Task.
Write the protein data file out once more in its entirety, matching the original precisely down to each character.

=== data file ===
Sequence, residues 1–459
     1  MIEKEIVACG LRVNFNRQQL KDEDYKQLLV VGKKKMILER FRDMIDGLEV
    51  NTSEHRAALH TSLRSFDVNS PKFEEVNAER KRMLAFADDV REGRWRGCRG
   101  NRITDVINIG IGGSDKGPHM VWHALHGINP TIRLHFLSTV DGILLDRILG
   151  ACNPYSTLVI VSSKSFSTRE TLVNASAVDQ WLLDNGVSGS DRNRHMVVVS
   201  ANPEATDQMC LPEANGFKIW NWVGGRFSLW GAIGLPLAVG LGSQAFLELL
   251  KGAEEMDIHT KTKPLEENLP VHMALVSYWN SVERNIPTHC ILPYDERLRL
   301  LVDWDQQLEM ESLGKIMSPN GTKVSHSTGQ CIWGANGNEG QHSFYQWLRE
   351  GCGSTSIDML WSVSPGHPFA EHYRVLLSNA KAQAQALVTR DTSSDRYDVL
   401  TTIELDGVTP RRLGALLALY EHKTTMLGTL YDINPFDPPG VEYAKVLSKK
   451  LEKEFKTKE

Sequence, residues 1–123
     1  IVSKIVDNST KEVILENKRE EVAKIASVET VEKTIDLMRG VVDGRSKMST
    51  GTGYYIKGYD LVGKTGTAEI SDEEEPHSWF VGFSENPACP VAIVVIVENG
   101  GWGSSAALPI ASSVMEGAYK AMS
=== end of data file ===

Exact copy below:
Sequence, residues 1–459
     1  MIEKEIVACG LRVNFNRQQL KDEDYKQLLV VGKKKMILER FRDMIDGLEV
    51  NTSEHRAALH TSLRSFDVNS PKFEEVNAER KRMLAFADDV REGRWRGCRG
   101  NRITDVINIG IGGSDKGPHM VWHALHGINP TIRLHFLSTV DGILLDRILG
   151  ACNPYSTLVI VSSKSFSTRE TLVNASAVDQ WLLDNGVSGS DRNRHMVVVS
   201  ANPEATDQMC LPEANGFKIW NWVGGRFSLW GAIGLPLAVG LGSQAFLELL
   251  KGAEEMDIHT KTKPLEENLP VHMALVSYWN SVERNIPTHC ILPYDERLRL
   301  LVDWDQQLEM ESLGKIMSPN GTKVSHSTGQ CIWGANGNEG QHSFYQWLRE
   351  GCGSTSIDML WSVSPGHPFA EHYRVLLSNA KAQAQALVTR DTSSDRYDVL
   401  TTIELDGVTP RRLGALLALY EHKTTMLGTL YDINPFDPPG VEYAKVLSKK
   451  LEKEFKTKE

Sequence, residues 1–123
     1  IVSKIVDNST KEVILENKRE EVAKIASVET VEKTIDLMRG VVDGRSKMST
    51  GTGYYIKGYD LVGKTGTAEI SDEEEPHSWF VGFSENPACP VAIVVIVENG
   101  GWGSSAALPI ASSVMEGAYK AMS